Monday, May 17

Junco Junction

Well color me blush pink...until yesterday I somehow missed that there are three (or 5?) types of dark-eyed juncos, not just two like I'd thought. According to the Nat'l Audubon Society Field Guide to N American Birds, (E and W), there's the slate-colored junco, which is what I thought I'd been seeing this winter (in varying colorations, which is normal), plus the Oregon junco that dominates the west...but, Hello!...then there's the white-winged junco. Guess where this little twitterer breeds? The Black Hills of S Dakota, ha! The WWJ has white wing bars and more white (than the other two) on its tail feathers. The juncos inter-breed, like the yellow-rumped warblers, so they too have been lumped into one bird, the dark-eyed junco.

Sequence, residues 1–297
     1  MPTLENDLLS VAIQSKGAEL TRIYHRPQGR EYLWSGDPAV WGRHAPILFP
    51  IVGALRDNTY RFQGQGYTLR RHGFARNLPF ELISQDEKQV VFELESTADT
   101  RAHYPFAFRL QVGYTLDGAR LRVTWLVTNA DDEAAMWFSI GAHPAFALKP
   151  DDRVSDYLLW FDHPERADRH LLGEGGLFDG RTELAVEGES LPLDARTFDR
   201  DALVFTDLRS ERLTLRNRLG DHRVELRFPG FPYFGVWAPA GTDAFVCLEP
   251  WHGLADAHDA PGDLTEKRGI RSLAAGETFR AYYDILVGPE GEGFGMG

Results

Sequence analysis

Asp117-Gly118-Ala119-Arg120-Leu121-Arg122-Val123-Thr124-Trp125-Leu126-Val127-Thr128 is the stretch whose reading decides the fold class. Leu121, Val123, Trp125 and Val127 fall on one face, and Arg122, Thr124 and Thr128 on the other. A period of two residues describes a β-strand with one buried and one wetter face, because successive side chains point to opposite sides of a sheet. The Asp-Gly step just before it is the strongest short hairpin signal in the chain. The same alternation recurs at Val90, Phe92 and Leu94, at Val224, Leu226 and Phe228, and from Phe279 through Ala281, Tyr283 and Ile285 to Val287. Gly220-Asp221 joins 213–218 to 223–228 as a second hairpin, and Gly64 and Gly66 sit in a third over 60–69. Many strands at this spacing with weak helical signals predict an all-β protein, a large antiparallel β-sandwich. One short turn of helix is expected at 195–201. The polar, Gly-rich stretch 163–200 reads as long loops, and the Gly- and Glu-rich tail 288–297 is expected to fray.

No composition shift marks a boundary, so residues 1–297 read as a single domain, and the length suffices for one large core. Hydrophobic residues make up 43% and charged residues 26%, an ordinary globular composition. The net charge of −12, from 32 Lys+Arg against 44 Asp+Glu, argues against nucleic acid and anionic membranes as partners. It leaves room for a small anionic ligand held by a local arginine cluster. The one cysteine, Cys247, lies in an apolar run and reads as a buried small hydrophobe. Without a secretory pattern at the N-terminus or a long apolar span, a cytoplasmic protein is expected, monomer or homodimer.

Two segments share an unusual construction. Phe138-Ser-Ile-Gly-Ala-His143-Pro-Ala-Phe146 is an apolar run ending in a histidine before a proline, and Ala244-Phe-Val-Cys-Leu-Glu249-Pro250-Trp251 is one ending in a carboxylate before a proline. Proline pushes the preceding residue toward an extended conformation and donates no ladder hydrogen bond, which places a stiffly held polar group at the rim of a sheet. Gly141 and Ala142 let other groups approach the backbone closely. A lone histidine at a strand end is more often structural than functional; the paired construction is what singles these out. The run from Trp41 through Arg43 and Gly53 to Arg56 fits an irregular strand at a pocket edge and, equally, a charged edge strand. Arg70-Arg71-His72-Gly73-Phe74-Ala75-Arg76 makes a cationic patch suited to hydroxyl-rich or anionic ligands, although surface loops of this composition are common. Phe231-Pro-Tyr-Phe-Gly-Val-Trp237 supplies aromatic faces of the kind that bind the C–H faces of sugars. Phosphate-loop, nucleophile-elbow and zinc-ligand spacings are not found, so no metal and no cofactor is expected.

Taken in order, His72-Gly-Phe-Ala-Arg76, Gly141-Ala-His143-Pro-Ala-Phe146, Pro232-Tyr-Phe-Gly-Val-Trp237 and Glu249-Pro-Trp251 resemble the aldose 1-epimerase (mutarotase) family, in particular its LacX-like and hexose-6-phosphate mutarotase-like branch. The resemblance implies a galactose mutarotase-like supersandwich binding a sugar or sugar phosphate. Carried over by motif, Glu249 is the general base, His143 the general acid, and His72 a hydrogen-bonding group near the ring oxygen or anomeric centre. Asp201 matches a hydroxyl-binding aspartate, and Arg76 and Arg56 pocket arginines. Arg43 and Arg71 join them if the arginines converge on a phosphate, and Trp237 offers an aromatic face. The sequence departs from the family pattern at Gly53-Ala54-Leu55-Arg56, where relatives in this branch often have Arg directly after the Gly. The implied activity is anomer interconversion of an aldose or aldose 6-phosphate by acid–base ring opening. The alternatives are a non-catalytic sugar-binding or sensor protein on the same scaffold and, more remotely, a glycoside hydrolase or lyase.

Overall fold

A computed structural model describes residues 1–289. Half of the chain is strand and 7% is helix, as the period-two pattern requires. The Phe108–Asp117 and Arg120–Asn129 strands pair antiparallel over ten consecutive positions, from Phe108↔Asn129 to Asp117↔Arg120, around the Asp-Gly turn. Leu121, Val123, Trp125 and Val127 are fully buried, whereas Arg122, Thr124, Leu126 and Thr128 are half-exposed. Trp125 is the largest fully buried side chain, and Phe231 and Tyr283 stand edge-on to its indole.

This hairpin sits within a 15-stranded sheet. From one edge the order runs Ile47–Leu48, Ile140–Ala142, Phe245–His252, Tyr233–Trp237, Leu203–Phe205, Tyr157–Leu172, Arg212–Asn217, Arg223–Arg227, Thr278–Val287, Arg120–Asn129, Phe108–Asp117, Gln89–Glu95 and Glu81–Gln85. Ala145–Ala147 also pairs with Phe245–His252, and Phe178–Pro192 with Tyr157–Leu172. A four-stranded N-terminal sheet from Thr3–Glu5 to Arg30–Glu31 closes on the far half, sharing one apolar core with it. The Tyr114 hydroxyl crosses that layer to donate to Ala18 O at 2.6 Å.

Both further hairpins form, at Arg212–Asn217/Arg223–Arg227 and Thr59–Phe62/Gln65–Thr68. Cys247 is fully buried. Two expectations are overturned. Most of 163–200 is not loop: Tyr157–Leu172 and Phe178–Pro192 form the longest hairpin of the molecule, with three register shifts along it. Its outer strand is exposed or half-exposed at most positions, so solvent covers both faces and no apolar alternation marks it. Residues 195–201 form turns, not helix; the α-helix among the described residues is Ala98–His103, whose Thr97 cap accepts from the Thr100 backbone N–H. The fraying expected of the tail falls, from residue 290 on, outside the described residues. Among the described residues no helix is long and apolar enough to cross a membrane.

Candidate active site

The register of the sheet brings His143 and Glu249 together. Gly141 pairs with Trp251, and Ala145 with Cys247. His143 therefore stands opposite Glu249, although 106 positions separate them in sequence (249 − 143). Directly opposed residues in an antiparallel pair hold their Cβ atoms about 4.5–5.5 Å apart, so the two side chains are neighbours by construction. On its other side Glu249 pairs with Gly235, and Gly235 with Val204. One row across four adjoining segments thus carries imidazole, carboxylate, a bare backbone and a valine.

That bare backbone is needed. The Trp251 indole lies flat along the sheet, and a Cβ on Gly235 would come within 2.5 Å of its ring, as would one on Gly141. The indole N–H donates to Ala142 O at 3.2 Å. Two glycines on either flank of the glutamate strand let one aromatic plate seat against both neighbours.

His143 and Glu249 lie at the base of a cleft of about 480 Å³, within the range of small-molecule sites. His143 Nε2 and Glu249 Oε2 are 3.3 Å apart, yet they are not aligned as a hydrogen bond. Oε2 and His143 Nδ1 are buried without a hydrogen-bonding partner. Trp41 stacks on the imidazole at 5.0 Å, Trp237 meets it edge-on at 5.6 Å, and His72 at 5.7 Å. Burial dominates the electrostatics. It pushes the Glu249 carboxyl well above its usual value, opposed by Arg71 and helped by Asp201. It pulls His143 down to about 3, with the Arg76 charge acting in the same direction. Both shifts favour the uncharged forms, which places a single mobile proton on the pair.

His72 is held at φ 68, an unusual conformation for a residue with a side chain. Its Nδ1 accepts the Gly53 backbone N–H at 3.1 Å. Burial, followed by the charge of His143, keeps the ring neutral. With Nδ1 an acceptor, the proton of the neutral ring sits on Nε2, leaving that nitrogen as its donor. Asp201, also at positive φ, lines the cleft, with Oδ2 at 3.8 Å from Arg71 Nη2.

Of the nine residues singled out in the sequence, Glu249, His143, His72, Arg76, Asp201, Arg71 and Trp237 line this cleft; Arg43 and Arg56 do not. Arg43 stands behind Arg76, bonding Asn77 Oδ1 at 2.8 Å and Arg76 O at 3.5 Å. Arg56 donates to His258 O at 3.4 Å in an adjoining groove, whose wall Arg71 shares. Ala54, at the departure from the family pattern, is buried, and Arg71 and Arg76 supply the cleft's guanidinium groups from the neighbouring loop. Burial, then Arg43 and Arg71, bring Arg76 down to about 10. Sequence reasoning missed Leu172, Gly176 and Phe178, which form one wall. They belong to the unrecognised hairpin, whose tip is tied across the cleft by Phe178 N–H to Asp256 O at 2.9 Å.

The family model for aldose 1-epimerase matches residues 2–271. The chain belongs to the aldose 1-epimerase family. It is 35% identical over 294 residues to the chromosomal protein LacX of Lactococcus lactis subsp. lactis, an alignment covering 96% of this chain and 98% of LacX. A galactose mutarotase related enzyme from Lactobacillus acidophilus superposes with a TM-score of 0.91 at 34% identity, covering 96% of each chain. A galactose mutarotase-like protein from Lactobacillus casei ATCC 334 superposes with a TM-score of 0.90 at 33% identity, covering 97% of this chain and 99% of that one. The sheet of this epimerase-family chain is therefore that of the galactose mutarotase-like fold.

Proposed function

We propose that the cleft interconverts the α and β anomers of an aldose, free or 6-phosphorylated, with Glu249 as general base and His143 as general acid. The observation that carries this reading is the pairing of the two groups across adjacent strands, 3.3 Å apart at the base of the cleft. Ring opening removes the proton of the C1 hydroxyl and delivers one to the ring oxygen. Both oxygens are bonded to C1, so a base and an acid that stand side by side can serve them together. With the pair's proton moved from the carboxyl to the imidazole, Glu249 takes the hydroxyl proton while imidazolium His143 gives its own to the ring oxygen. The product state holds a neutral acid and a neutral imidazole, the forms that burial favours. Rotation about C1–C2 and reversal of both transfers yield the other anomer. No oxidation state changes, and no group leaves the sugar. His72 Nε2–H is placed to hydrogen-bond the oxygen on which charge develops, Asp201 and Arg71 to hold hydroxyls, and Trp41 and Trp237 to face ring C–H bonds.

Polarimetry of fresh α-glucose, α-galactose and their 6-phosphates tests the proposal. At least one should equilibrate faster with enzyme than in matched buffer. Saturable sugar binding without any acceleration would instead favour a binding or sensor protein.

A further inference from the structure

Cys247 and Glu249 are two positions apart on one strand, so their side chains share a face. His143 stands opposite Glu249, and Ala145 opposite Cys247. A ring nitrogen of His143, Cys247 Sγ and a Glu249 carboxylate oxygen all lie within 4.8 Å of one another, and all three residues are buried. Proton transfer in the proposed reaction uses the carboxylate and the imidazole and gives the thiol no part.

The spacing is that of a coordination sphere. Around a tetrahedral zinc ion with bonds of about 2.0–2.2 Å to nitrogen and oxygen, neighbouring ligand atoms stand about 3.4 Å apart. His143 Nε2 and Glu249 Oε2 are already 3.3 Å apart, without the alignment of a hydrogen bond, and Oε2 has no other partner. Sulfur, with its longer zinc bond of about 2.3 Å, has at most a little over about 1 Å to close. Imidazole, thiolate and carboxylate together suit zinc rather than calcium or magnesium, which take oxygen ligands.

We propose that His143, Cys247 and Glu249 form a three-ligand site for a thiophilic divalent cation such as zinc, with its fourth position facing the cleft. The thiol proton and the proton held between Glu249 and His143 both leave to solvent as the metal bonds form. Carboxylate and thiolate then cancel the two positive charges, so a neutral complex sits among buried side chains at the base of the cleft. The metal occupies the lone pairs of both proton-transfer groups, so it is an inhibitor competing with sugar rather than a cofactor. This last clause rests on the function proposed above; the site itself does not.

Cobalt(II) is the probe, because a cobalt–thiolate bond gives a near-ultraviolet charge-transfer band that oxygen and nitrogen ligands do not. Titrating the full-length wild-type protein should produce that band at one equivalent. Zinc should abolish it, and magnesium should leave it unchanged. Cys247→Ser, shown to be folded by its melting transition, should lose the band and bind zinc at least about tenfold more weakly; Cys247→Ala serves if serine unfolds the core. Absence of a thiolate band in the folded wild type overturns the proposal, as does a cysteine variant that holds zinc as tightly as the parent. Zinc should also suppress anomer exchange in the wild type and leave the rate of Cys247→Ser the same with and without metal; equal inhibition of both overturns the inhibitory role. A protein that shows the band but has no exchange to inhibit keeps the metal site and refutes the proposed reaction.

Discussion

I took this photo yesterday above Pactola Lake. I'm not convinced it's the white-winged junco tho it does have those tiny spots on its wing...not really 'bars'...

I took this photo in too has the tiny wing bar spots, but is lighter grey. Gads.

This junco doesn't have any white bars on its wings and is all dark grey on top, so appears to be the slate-colored junco. Hmm. I found photos of various juncos online on an old blog post; the gal says there's also a grey-headed junco and a pink-sided junco. (Click the 'Junco Junction' title above to see her post.) OY!

1 comment:

  1. Well Jan, science and splitting of species just makes birding more interesting OR complicated...but fun. FAB.